Hammer Time: Two Steps To The Left

By on December 18, 2016

When you have over 120 pairs of eyeballs looking at the same exact vehicle at an auto auction, you know the price of whatever sells is going to be high.

So what do you think this 2014 Toyota Prius with only 344 miles went for back in late 2014 when gas prices started to crash?





Try $16,900.

Now before you offer a gasp or a raising of the eyebrows, let me ask you a quick question.

How many of you would want a slightly brown Prius today for that price?

Yep. This vehicle is pretty much the automotive novocain of the enthusiast community – but think about it. We’re only maybe 5% of the entire car buying world, and most of us opt to buy on the older used car side of the ledger because that’s where the deals are typically at.


How about the other 95% who may glance through Consumer Reports, play around the internet, and ultimately find themselves in the car shopping universe for just a few days?

Well believe it or not, as a guy who has been in the world of automotive remarketing for well over 17 years now as an auctioneer, car dealer, and part owner of an auto auction, I can tell you exactly what these folks end up doing.

They take a step or two to the left.

The ones who would usually look at a Prius that offers maybe 50 miles per gallon? They will look at a crossover that’s advertised with just having over 30 miles per gallon and say, “That’s good enough for me.”

The compact buyer? He or she will opt for the bigger engine and the greater power that is horsepower.

There is a reason why you’re starting to see more exposure for cars with hellaciously high horsepower ratings these days. Gas is cheap. And when gas is cheap, the money starts drifting back towards those models offering more grace, pace and space.

You may not jump in the icy cold that is 16 miles per gallon in a large pickup truck that can haul well over five tons. Most folks don’t jump to the extremes.

But, when you see a Chevy Corvette and Dodge Hellcat fighting it out on Yahoo, and you’re among the 95% that is merely just shopping for the here and now, chances are that if you find yourself at a dealership that sells those brands, you will consider the higher horsepower, better equipped versions of the model that interests you. Halo cars have a very subtle and effective way of making the other models in their line-up look just sporty enough to get into the mind of a non-enthusiast who may just want to have a little extra grunt for merging on the highway.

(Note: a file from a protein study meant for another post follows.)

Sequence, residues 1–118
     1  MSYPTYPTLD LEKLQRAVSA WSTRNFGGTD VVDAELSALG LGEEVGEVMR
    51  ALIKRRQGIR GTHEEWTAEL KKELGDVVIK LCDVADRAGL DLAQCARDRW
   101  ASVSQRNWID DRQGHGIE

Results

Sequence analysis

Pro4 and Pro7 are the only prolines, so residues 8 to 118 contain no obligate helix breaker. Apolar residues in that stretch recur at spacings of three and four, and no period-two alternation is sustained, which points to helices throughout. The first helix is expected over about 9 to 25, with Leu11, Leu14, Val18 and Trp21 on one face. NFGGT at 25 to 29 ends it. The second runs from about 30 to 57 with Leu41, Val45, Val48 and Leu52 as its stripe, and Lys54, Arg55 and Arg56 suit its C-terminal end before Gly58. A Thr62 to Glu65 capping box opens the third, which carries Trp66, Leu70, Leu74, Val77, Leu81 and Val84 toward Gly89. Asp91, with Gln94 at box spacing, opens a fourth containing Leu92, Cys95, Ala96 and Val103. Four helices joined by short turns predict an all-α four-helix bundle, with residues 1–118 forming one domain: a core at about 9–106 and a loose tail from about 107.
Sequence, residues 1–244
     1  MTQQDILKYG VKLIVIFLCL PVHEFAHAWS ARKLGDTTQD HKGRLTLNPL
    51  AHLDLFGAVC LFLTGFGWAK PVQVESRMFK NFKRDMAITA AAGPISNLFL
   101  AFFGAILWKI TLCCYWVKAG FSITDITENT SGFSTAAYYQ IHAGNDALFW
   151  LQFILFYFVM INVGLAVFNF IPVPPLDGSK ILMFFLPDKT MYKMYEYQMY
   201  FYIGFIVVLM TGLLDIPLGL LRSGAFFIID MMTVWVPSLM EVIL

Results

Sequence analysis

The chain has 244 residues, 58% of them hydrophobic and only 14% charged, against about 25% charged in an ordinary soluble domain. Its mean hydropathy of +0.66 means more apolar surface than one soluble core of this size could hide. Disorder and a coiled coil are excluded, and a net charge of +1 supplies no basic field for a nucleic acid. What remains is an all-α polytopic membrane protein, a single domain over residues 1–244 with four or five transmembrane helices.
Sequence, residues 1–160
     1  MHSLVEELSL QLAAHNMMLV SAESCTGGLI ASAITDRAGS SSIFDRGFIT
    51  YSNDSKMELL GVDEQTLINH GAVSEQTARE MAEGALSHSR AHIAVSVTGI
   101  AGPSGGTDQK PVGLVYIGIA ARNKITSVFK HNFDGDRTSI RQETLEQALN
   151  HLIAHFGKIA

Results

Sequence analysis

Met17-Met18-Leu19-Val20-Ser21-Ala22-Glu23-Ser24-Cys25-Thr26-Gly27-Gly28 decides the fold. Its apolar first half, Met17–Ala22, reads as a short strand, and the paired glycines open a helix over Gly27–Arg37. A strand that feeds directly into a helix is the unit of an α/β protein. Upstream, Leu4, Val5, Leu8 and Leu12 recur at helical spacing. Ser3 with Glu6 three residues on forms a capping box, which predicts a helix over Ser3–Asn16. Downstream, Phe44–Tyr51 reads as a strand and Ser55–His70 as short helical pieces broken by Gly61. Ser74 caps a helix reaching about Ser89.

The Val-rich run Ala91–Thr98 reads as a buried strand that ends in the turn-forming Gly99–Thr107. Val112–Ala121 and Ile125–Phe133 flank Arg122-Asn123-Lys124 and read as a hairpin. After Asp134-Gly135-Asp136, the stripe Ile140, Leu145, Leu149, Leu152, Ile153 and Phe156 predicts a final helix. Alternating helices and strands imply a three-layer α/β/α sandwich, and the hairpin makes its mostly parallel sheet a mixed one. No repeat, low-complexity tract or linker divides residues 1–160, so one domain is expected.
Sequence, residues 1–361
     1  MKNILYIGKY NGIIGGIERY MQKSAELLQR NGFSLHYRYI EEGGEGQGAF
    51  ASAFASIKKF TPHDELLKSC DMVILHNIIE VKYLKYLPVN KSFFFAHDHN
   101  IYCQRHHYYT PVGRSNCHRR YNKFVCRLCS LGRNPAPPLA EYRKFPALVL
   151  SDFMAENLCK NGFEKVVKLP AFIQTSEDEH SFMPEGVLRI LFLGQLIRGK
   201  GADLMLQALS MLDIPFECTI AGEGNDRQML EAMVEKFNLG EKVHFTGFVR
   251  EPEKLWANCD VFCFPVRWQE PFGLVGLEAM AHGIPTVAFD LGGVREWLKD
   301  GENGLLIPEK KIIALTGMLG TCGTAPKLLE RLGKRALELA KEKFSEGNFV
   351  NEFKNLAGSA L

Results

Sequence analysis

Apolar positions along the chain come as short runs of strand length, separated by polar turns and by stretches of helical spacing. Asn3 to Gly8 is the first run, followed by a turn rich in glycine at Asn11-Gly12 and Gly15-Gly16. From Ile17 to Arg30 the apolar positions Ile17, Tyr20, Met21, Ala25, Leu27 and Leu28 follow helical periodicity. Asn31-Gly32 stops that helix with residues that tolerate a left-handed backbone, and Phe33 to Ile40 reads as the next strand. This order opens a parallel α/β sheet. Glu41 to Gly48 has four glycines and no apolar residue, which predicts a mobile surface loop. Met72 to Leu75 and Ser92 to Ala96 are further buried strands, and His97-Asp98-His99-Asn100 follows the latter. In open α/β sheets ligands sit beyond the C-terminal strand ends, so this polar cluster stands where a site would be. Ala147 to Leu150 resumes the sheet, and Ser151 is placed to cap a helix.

In today’s market a car like the Prius is going to start nosediving a bit when it comes to sales, especially if it’s low on features. This reality is not only true for the new and the near-new hybrid marketplace, it’s also true for the older hybrids as well that are no longer strong on the demand radar.

The 2001 Honda Insight you see here… I bought it for only $4000 at an auto auction way back in the spring of 2009. It had 145,000 miles, and thanks to a gallon of gas being closer to $2.00 back  what would have normally cost me over $5500 at a dealer auction wound up being only four grand even.

There were other small things as well that helped my cause. The check engine light was on. The transmission fluid was a quart short, and the oil needed to be changed.


Low gas prices. Unfamiliarity with the product, and tight used cars budgets for dealers during the Great Recession meant that a lot of borderline trade-ins like this Honda Insight were simply wholesaled to someone who could handle the labyrinth of complexity.

So I bought it for $4000, drove the Insight for approximately four years and 48,000 miles, sold it for $4000 in the summer of 2013 when gas prices were back at the $3.50 level. I did a similar formula with a 2003 Honda Civic Hybrid that I bought with 102k for $6500 around the same time, and sold for $6450, four years and 50,000 miles later.

So is this barely used Prius a good deal at $16,900? Compared to a new car, most definitely. But those in the industry who want to keep a car for the semi-long haul, especially us enthusiasts who like to hit em’ where they ain’t, can still do a whole lot better.


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